Cycling around Amsterdam is one of those things you just have to do as a visitor. However, there are so many quieter cycling trails to discover in the Netherlands, all of which are accessible by train.
As one of the most bike friendly countries in Europe, you can hire bikes everywhere in the Netherlands, especially at main railway stations. Be prepared for the Dutch bike, though. It doesn’t have brakes on the handlebar. You have to pedal backwards to stop. If you hire one, or bring your own, you can take it on Dutch trains outside rush hour during the week and all day at weekends. However, you do need to buy a Bicycle Day Ticket, which you can buy locally. You could always hire a tandem and split the ticket price - you can’t get a better example of ‘going Dutch’ than that.
Long-distance cycling trails in the Netherlands
LF Routes are the long-distance trails that cross the Netherlands and into Belgium. They stand for Landelijke Fietsroutes, which translates as countrywide cycling routes. There are over 30 of these altogether. The most well known LF is the North Sea Route (LF1) which is part of a vast 5,900km trail around the coasts of Norway, Sweden, Denmark, Germany, UK and the Netherlands. In the Netherlands you can connect with it at various places by train including The Hague, Haarlem, Groningham and at the country’s last stop in Nieuweschans. One tip on this route is to check the direction of the wind. If you are cycling into a Netherlands northerly, you will definitely feel it, so maybe take an inland route if the northerlies are strong.
Cyclists might prefer this sort of trip in Amsterdam - a circular trail which combines three LF routes (LF21-23), into one big Zuiderzee Route. A 400km circle around the capital, this takes you through North Holland through Friesland, up to Weerribben-Wieden National Park and back down to Amsterdam again.*
The LF2 takes you on a 340km route between Amsterdam and Brussels, cycling through a mix of rural and urban landscapes, all with safe cycling lanes throughout. Train connections to this trail, which also takes you past the famous Kinderdijk windmills, are Amsterdam, Rotterdam, Dordrecht, Antwerp and Brussels. Love life, love a LF.
Leisurely cycling trails in the Netherlands
There are so many cycling routes, or Fietsroute, in the Netherlands, we have had to choose just a few favourites. Rent a bike at Amsterdam central station and many locations throughout the capital, then head out to Amsterdam Forest, or Amsterdamse Bos. It is three times bigger than Manhattan’s Central Park and has cycling paths throughout. Just 20 mins cycle from the city centre, you can also hire bikes at the Forest’s visitor centre.
It’s not all canals in the Netherlands, with some wonderful river cycling to be had too. Take a sultry saunter along the Vecht River between Weesp and Utrecht. This 35km trail takes you alongside peaceful pastures and windmill country, finishing in the most underrated town of Utrecht where the Old Canal is one of the country’s finest. Reward yourself with a picnic in the city’s Wilhelminapark.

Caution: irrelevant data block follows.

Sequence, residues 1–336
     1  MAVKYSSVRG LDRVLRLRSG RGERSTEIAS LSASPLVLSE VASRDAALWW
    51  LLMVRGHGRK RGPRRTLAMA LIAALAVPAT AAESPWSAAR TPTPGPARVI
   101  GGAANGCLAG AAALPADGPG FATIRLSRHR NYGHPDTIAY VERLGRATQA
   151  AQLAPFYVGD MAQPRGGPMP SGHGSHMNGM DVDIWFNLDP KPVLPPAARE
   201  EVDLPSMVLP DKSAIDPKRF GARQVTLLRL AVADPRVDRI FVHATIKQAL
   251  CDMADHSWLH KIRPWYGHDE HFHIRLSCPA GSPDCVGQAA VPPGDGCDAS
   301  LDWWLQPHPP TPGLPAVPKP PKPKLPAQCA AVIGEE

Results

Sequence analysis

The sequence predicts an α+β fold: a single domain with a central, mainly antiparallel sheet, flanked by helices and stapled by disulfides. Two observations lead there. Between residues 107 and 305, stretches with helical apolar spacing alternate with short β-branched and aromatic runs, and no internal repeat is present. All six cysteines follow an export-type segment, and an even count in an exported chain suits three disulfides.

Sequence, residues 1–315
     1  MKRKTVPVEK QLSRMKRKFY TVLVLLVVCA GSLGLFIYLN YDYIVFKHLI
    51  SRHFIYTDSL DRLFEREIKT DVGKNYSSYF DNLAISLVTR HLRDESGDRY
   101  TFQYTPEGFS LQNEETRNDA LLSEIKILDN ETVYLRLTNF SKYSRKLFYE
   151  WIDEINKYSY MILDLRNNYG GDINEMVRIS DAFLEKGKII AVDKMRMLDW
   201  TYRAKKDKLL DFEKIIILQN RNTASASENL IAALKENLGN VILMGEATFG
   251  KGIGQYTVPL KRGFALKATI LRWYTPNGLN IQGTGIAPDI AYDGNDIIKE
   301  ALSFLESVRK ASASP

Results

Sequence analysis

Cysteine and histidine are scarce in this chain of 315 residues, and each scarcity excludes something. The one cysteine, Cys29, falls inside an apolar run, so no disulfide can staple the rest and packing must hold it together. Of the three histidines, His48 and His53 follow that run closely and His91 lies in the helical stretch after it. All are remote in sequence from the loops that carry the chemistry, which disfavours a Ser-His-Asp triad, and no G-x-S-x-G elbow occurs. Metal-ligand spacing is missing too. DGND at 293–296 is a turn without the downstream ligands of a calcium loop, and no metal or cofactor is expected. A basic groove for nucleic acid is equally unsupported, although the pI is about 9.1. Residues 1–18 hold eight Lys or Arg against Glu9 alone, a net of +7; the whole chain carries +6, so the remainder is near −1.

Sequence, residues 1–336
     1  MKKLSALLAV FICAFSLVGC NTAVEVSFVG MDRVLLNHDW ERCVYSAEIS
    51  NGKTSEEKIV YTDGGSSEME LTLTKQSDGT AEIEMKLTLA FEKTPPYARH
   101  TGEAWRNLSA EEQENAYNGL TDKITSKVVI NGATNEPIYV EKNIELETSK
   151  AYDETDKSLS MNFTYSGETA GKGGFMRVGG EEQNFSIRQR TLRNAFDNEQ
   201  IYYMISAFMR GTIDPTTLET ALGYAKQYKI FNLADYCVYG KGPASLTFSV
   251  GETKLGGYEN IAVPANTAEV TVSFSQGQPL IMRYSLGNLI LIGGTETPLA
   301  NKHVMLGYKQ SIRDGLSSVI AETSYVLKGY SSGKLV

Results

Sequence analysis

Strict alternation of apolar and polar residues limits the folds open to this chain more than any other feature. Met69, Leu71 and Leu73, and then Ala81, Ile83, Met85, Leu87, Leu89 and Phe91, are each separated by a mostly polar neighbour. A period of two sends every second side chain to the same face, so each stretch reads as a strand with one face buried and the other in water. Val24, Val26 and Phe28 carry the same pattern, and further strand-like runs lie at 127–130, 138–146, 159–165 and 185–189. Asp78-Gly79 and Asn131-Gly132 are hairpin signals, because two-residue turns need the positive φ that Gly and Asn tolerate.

A Dutch cycling favourite is Utrechtse Heuvelrug National Park, which is an hour’s cycle from Utrecht. Other stations on the outskirts of this national park are Driebergen-Zeist, Maarn, Veenendaal or Rhenen. Unlike so many parts of the Netherlands, this region actually has some hills. Translating as Utrecht Ridge National Park, you can cycle through elevated woodland and moorland and feel miles from anywhere.
The de Kaag Lakes, just north of Leiden, make for a wonderful cycle for those who like a dip en route. Take on the well marked 60km circular trail around the lakes, with plenty of windmills, canals, flower-filled fields, dykes and rivers thrown into this water-filled wonderland. Come in tulip season, March to May, to catch this region in all its splendour.
Just like its cheese, you can take on a circular cycling trail around Gouda, and pack your pannier with plenty of its local fare at Gouda market. Cycle through the green heart of the country through small towns, along the River Hollandse IJssel and across dykes into a tranquil wetland. You gouda love it. Cheesy jokes are a must when cycling through this region.
*Note that on both this and LF1, route, you can usually cycle over the 32km long Afsluitdijk dyke but it is closed until 2022 for maintenance. There is a regular, free bus service with places for 15 bikes to cater for the diversion. The Dutch will never leave a cyclist stranded.
5 day trips from Paris by train
There's no lack of inspiring locations just a short train ride away from Paris, so if you fancy a break from the city why not plan a day trip (or two).